Images for the King: Art, Science, and Power in Louis XIV’s France

Katherine Reinhart, Ph.D.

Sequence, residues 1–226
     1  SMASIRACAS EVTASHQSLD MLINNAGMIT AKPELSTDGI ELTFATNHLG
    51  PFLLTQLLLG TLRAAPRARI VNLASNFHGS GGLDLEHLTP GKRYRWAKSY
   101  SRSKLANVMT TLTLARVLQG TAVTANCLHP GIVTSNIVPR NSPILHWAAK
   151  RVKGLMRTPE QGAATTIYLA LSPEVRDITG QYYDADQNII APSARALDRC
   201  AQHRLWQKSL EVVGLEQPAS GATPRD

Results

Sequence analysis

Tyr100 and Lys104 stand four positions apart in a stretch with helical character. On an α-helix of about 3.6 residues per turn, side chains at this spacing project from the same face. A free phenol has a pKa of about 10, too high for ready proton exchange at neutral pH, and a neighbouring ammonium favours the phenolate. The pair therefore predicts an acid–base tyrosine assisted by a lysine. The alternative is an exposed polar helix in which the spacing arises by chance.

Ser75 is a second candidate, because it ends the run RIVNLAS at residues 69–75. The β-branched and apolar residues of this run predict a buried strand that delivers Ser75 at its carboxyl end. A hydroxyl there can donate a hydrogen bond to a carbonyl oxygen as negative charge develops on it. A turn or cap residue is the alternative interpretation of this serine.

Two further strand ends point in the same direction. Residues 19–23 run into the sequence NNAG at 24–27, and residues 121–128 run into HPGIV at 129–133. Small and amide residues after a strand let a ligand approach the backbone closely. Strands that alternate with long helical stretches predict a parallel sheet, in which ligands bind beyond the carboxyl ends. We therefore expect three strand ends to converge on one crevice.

This project investigates the epistemic and political functions of images in a pivotal early modern scientific institution: the Académie royale des sciences. During the Academy’s formative period, from its inauguration in 1666 to the death of King Louis XIV in 1715, the Academy produced a wealth of images in the form of drawings, prints, medallions, and paintings, and was subject to widespread visual representation. Like England’s Royal Society, the Academy was pivotal in the development of early modern natural philosophy as one of the first and best-funded scientific institutions in Europe. This project interrogates how various images and objects were created, selected, and deployed in the service of knowledge production and as a means of broadcasting monarchical power. In addition, this project accounts for the graphic and pictorial practices of both the natural philosophers, assembled in Paris by Louis XIV, and the artists with whom they regularly collaborated. Based on unstudied archival materials, Images for the King cuts across conventional disciplinary boundaries in the histories of art and science to explore graphic skill, visual and scientific practice, patronage structures, knowledge production, and the politics of images. Ultimately, it reveals how various types of visual material – from anatomical drawings to allegorical reliefs on coins – were an indispensable part of the Academy’s projects, as well as providing tangible evidence of the scientific ambitions of the French state. 

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